In Coal Blood

Reading the following story, I couldn’t help thinking of the Turkish government’s “Hey, shit happens, what’s all the fuss about?” response to the death of several hundred humans in the recent mine disaster:

In 1767, the Newcastle Journal announced that the owners of coal mines had asked them to stop reporting the news of fatal mine accidents:

 

As we have been requested to take no particular notice of these things, which in fact, could have very little good tendency, we drop the further mentioning of it.

 

Besides cave-ins and floods, miners were commonly killed by three kinds of gas:

-Choke-damp was carbon dioxide, which is colorless and odorless but, of course, unbreathable. The way you recognized a pocket of choke-gas was that a person or several people would walk into it and drop dead. Occasionally, someone was rescued alive, but might not be right in the head afterward.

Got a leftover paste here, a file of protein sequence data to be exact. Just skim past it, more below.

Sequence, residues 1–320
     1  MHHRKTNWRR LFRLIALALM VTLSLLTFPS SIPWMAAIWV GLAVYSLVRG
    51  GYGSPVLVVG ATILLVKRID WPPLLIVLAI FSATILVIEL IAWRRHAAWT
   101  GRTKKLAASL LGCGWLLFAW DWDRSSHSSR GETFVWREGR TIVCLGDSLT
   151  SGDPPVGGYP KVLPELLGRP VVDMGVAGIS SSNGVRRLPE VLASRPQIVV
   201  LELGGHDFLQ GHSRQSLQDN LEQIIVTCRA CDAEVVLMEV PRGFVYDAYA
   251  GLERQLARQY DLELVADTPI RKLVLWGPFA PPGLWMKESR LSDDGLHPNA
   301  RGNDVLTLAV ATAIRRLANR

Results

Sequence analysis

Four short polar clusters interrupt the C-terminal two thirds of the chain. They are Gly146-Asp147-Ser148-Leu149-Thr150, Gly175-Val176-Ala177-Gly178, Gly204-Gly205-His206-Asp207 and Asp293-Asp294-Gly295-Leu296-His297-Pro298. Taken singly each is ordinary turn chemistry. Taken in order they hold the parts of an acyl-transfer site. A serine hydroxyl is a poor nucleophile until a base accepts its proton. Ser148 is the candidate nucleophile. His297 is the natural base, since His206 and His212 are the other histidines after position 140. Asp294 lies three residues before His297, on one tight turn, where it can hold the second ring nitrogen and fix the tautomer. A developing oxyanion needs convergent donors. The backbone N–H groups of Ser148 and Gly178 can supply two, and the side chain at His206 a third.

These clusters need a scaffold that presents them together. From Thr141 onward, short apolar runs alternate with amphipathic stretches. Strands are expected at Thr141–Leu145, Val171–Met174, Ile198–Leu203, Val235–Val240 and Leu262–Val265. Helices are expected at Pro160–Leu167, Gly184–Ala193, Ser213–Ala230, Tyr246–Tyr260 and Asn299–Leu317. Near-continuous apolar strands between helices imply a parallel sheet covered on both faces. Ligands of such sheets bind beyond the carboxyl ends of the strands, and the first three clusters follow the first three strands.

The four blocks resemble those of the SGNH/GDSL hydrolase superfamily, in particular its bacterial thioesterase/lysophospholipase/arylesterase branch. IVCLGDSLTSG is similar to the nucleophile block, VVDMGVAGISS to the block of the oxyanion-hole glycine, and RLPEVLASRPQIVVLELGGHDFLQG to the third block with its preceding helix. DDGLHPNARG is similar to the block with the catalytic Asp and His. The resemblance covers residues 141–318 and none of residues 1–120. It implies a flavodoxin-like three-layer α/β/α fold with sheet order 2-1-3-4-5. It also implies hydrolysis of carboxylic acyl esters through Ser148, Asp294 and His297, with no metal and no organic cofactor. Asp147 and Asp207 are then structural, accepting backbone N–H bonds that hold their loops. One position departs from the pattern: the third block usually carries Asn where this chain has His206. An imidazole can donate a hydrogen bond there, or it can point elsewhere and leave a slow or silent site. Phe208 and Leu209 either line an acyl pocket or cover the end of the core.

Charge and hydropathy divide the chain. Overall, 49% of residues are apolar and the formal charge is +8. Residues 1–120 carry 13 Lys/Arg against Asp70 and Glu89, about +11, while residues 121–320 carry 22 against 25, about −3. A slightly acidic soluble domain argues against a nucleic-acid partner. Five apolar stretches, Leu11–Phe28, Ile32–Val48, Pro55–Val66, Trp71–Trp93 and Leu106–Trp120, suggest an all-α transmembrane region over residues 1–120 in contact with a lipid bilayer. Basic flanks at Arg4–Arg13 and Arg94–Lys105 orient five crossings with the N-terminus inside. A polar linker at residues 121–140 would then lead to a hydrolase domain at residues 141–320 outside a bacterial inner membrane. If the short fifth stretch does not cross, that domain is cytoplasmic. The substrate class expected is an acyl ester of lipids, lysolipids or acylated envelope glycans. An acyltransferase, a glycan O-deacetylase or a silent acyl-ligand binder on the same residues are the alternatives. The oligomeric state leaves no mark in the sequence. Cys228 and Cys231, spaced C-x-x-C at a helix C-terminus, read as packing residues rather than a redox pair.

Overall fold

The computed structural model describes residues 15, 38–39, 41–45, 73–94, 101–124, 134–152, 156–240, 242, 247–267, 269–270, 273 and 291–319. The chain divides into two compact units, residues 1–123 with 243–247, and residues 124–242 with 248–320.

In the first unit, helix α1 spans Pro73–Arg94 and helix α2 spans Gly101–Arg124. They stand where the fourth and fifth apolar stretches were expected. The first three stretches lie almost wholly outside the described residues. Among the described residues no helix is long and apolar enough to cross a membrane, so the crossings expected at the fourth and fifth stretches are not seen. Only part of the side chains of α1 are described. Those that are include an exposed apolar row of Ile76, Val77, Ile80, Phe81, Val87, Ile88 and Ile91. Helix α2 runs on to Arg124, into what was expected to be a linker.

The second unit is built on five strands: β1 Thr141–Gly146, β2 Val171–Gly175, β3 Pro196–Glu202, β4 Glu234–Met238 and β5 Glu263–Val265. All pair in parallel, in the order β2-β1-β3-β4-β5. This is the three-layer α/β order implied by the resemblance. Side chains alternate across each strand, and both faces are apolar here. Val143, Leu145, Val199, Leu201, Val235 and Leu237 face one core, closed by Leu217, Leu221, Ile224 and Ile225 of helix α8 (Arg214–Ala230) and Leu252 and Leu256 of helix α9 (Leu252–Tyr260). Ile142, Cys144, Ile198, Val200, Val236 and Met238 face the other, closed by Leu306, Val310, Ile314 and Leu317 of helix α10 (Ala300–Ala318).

-White-damp was carbon monoxide. It was noted that small animals were even more susceptible to carbon monoxide poisoning than humans, so people started carrying them into the mines as alarms. At first they used mice, but then it was realized that a canary falling off its perch was easier to detect than a mouse looking poorly.

-Fire-damp was basically methane, which would accumulate at the top of the chamber until a candle got too near, and then explode. To disarm the fire-damp pockets before they could reach lethal size, mining companies used what they called fire-men. A guy in a wet suit (not a wetsuit, of course) would crawl along the mine floor with a long stick, at the end of which was a candle. When he encountered a suspected pocket, he would hold up the candle on the stick and duck.

These fun facts are taken from Barbara Freese, Coal: A Human History

 

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One Response to In Coal Blood

  1. Mary says:

    that is all VERY disturbing – the problems as well as the solutions.

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